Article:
How universities are grappling with the need to provide education through COVID-19 distancing
COVID-19 has had an unprecedented impact on the way we work, and universities are no different.
Australian universities, whose business models are usually reliant on international students, have been particularly heavily impacted. With students now unable to travel to Australia for study, politicians are going as far as to make calls to the federal government to step in and help a number of universities financially, else they face bankruptcy.
For example, Australian education exports to China alone contributed $12.1 billion to the Australian economy. With many Chinese students unable to return to Australia for classes, and many others in Australia facing the need to return to China as the economic climate worsens, the hole left by Chinese students alone to the university bottom line will be significant.
Current students, too, face a significant impact on their studies, with universities moving to online education in an effort to minimise face-to-face teaching and the risk of the virus spreading. Given the size and scale of the operations of many of Australia's universities, facilitating online education is a potential logistical challenge, and it's one that is being solved through the Alibaba Cloud.
"Australia is just one of the many countries currently implementing strict social distancing regulations and we are very aware of its impact on both students and universities around the country. In light of this, Alibaba Cloud wanted to develop an innovative solution to provide ongoing access to educational platforms," Raymond Ma, General Manager, Alibaba Cloud Australia and New Zealand, said.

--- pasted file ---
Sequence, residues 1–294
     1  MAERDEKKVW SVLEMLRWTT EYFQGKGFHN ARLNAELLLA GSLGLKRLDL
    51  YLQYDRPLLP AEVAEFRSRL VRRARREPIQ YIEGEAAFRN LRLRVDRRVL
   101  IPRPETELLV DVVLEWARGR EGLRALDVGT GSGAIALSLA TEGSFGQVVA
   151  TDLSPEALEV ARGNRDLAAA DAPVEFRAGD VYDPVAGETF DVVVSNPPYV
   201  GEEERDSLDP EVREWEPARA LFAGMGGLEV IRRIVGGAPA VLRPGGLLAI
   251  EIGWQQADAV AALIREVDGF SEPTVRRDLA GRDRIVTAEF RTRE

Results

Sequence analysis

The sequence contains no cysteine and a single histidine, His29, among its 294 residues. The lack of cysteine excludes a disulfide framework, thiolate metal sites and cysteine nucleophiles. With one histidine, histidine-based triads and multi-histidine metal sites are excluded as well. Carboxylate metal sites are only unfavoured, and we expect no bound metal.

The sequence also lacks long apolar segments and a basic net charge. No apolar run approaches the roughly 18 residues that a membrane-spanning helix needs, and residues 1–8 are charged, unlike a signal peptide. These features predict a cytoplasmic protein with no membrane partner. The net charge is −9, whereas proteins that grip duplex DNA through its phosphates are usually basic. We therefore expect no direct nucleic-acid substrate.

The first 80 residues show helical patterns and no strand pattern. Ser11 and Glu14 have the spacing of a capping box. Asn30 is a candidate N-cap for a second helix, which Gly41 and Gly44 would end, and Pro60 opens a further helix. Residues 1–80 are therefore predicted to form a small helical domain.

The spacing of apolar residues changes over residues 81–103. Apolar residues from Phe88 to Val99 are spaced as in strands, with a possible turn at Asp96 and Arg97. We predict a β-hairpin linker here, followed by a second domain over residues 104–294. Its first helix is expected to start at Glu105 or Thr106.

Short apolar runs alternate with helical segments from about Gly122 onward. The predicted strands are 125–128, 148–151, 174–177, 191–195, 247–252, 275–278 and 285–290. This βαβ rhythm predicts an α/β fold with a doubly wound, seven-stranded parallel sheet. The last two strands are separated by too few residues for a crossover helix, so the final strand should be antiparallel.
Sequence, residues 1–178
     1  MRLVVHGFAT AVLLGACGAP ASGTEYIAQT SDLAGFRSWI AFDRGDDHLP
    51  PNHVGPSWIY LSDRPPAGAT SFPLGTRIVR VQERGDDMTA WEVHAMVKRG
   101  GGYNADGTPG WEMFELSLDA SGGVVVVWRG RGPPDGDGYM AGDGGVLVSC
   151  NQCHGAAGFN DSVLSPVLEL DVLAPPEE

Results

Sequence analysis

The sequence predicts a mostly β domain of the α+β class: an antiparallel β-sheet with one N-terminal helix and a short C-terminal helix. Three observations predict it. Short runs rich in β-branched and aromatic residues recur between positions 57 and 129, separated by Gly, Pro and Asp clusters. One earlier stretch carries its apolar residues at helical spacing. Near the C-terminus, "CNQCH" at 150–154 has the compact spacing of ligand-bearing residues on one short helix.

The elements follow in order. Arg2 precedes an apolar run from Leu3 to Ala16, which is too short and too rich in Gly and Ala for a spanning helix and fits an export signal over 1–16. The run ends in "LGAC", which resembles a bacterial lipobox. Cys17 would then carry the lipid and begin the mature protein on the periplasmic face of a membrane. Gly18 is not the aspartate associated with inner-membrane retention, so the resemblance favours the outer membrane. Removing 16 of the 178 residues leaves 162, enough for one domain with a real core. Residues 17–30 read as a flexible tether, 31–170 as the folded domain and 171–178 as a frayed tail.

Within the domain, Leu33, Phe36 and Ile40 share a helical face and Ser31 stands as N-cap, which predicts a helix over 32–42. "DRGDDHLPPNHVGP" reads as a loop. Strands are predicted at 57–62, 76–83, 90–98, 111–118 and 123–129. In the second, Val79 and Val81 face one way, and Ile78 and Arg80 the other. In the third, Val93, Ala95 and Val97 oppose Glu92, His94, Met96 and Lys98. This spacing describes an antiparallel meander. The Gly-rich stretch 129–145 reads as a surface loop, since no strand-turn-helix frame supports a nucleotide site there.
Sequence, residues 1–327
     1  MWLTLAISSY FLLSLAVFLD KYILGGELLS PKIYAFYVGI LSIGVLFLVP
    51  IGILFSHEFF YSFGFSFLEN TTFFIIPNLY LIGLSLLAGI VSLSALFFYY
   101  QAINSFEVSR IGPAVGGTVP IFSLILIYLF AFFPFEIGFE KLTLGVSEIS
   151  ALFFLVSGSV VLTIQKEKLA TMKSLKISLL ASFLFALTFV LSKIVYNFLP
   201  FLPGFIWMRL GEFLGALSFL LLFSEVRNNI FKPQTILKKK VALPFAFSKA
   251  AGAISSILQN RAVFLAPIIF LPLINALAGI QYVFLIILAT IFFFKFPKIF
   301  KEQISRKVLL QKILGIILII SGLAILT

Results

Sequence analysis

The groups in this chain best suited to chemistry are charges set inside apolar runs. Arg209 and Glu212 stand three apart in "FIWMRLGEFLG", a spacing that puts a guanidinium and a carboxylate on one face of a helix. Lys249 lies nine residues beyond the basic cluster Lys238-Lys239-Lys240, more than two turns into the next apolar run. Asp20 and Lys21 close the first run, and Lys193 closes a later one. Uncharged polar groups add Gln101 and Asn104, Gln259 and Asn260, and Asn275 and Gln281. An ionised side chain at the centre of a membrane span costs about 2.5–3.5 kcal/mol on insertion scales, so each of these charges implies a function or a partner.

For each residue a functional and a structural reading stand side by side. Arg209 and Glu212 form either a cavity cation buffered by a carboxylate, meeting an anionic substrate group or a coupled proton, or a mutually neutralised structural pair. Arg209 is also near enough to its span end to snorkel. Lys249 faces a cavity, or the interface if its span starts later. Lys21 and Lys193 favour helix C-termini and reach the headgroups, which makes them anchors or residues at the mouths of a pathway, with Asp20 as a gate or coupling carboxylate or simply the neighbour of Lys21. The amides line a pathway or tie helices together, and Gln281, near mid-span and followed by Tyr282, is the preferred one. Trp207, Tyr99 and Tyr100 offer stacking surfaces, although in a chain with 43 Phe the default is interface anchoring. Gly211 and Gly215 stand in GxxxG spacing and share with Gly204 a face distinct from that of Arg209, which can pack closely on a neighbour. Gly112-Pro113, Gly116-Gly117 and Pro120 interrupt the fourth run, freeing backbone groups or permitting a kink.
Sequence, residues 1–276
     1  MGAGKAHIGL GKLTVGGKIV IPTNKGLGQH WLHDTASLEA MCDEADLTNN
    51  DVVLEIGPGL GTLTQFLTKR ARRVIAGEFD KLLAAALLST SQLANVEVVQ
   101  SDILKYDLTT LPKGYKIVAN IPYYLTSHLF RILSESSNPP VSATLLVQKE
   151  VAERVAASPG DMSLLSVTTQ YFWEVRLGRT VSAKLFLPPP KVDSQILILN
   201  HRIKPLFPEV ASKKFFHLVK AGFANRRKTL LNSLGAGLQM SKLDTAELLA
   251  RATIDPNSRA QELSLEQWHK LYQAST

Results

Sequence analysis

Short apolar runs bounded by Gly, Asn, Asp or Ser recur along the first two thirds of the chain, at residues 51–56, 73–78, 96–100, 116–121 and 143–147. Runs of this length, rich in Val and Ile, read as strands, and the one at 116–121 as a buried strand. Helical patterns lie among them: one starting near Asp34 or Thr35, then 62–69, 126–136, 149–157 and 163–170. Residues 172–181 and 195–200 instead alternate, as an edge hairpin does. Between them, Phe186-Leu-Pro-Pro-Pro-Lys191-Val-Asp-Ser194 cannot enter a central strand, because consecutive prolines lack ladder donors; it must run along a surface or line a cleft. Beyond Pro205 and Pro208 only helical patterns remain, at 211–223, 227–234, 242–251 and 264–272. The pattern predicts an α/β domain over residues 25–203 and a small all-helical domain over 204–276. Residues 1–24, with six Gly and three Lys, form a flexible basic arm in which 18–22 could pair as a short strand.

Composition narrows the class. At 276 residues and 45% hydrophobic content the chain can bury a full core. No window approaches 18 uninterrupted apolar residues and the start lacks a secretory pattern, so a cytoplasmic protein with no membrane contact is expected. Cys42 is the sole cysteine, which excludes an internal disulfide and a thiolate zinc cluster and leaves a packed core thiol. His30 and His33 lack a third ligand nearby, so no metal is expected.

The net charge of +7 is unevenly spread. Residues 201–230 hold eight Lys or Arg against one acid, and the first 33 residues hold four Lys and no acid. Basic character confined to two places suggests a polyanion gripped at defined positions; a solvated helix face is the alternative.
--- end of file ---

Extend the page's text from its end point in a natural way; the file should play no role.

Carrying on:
Working closely with the Council of Australiasian University Directors of Information Technology (CAUDIT), Alibaba Cloud is already working alongside close to 30 universities across Australia and New Zealand to give students access to online learning resources.
These universities include The University of Sydney, University of South Australia, The University of Adelaide, University of Canberra, and The University of Melbourne.
The solutions deployed by Alibaba Cloud are particularly pertinent to the Chinese community, as it offers a high-speed and highly reliable link between Australia and China. Furthermore, the services can be deployed rapidly, meaning that the disruption to study can be dealt with quickly. "The solution can be deployed within 48 hours, effectively reducing complicated IT processes, offering cost-effectiveness, and easy maintenance for universities and schools," Ma said.
The opportunity looking forward
COVID-19 is placing a unique level of strain on university IT administrators and educators right now, but as some commentators have noted, there is the potential for long term benefit to the way universities provide education going forward.
The heavy weighting that education currently places on face-to-face tutoring seems to have been a technical logistics issue, rather than it being important to the quality of education. Between WhatsApp groups, video conferencing, the ability to record and stream lectures, and other technical solutions, students are able to participate in both individual and group work to the same standards as they can via face-to-face interaction. Running on robust, reliable infrastructure such as the Alibaba Cloud, we should see more educational institutions make remote and online learning accessible to more students, even once the crisis has passed.
The infrastructure that universities are now rolling out will serve them long beyond the passing of COVID-19 as a national health concern, and allow those universities to modernise their processes and educational models. What's important is that they find the right technology partner to provide that infrastructure from the outset.